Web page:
The Sufferings of Hell

Hellfire differs from earthly fire. While earthly fire only affects the souls by means of the body, that which the wrath of God enkindles directly tortures the spirit.

In this chapter, we will describe more systematically, the two fundamental punishments of Hell: the pain of loss and the pain of the senses.

The pain of loss

The pain of loss is suffering par excellence and the greatest punishment that man can suffer. It consists in his definitive exclusion from eternal life and the irremediable loss of his highest happiness, namely the privation of the beatific vision and possession of God.

Hell essentially consists in this most frightening punishment, and all the others are only a mere consequence of it.

One could object that the pain of loss can not be that terrible, because, while on earth we are deprived of the beatific vision without much affliction.

However, on earth this deprivation is simply the privation of a good not yet due to man, and whose possession is still possible. However, for the damned, it is the privation of a good which should but can never have, and thus he suffers immensely.

In this life, we understand immeasurably less about God as our sovereign good, and the vision and possession of the creatures that surround us serve as a distraction from the thought of the Highest Good, thus calming our innate desire for happiness. We find entertainment and joy in creatures.

However, after death, we are deprived of all goods, and only the vision of God will make us happy. More than a fish needs water, we feel an urgent, imperious, constant and uninterrupted need of God, about Whom we will not stop thinking even for an instant.

While the companionship of other souls will be a joy for those in Heaven, for the damned those that surround them, far from bringing relief, or even distraction, will only augment their torture.

Furthermore, the punishment of damnation is not equal for all the condemned. The affliction of each reprobate, differs according to his culpability. The more culpable he is, the more tortured he will be for having fallen more deeply into the dark and terrible abyss of sin.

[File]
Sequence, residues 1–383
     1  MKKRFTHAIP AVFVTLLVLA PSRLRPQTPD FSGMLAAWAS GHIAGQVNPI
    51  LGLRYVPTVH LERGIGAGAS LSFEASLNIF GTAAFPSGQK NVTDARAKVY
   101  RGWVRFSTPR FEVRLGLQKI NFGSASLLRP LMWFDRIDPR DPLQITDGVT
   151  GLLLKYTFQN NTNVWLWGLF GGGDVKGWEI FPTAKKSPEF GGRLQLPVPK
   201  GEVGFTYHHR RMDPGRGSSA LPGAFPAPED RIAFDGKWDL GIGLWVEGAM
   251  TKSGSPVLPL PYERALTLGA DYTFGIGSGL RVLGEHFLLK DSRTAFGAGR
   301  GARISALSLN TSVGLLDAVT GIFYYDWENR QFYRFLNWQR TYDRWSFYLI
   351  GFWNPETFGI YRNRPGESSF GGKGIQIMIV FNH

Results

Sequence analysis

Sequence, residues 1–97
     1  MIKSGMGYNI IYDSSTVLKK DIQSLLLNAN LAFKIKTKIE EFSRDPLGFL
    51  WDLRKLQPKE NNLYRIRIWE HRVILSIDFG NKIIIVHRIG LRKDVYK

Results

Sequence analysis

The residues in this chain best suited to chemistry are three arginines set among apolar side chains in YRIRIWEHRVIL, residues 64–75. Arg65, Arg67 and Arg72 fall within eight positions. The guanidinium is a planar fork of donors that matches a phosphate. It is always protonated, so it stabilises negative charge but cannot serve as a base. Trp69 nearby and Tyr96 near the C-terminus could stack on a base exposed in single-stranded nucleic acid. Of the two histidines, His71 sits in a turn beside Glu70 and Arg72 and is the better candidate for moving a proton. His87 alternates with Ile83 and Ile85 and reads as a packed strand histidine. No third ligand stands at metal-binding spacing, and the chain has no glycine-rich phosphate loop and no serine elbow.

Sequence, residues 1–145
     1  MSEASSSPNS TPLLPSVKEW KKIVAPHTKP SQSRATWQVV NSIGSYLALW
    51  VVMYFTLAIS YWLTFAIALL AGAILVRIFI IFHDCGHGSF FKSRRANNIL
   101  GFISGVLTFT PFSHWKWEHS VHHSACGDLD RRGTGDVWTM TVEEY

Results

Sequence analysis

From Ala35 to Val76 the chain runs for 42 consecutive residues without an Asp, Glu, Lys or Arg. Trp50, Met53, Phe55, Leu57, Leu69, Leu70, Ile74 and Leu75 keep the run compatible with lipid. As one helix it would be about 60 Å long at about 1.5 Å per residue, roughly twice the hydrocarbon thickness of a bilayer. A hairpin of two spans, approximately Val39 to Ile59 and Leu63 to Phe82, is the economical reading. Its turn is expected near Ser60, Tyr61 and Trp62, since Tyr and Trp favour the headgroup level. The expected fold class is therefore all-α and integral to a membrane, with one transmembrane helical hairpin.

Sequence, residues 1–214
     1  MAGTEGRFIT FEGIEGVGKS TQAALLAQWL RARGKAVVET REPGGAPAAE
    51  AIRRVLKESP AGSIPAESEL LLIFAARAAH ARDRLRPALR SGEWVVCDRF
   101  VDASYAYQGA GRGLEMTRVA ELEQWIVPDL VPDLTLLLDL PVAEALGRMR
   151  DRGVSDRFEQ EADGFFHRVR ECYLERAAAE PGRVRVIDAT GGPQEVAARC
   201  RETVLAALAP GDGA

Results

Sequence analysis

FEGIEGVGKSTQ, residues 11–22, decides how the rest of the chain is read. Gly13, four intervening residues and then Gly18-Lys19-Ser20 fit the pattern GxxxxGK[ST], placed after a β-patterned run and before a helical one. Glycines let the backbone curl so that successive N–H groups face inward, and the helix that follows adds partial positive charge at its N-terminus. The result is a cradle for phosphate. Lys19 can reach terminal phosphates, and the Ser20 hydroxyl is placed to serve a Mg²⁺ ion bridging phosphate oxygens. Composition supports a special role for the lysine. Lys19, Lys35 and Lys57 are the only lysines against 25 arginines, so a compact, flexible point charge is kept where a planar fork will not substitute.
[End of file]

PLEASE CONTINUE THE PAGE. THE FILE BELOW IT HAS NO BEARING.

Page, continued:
The pain of the senses

The torments of the senses consist above all in the fire of Hell. It is a real fire, but mysterious, similar and different from earthly fire.

Because we can know about the afterlife only by comparison with things of earth, we could assert that the fire of Hell is analogous to our earthly fire. However, at the same time, it is different. The exact measure of this is impossible to specify.

The law of analogy asks that the difference in the nature of the fire be established, both in its properties and effects. Fortunately, revelation clarifies these points:

Similarities: While the Church has not defined the fire of Hell as material, it is designated by the term of fire or flame around thirty times in the New Testament, at least eight times of which are in the Gospels. This language would not be used if the punishment of fire (the most terrible punishment here on earth) did not have an intimate connection with the punishment of Hell, and if it were not the most appropriate illustration of its severity.

Differences: All theologians recognize the differences that separate hellfire from natural fire:

- Natural fire is produced as a result of certain chemical operations while the fire of Hell owes its origin and its subsistence to the wrath of God.

- Natural fire only operate on souls through means of their bodies while infernal fire directly tortures the spirit.

- Natural fire will extinguish itself while that which the wrath of God enkindles, will burn forever.

- Natural fire illuminates while the fire of Hell produces darkness.

- Natural fire consumes what it burns, the infernal flame burns and tortures its victim without destroying him.

How does the fire of Hell work? How can material fire burn a pure spirit like the devil or a damned soul before the final resurrection?

Beginning with Saint Thomas, practically all theologians are in agreement that this action of matter over spirit is naturally impossible. The material fire of Hell can only act over spirits through an action of God whereby the fire produces a special effect that reaches the soul. In order to act over souls, this effect must also have an immaterial nature.

The eternal fire does not burn the soul of the reprobate or demon, but shackles the spirit, impeding it from moving freely. This enslavement is not just local, extrinsic to the spirit, but is a modification that is incorporated into the faculties of the soul, preventing the free use of the intelligence, memory, imagination and will.

For example, the imagination cannot free the soul from present torments or entertain it with agreeable thoughts and pleasant memories.

Even when the demons leave Hell temporarily with divine permission, they do not escape the imprisonment of this fire. Even outside of Hell, they remain under its action which directly impedes the use of their spiritual powers. Thus, owing to this continual action, they suffer the lack of freedom that the fire of Hell causes them, as if the fire were near to them. This is analogous to a blessed Angel who, leaving celestial places, retains the vision of God (the light of glory).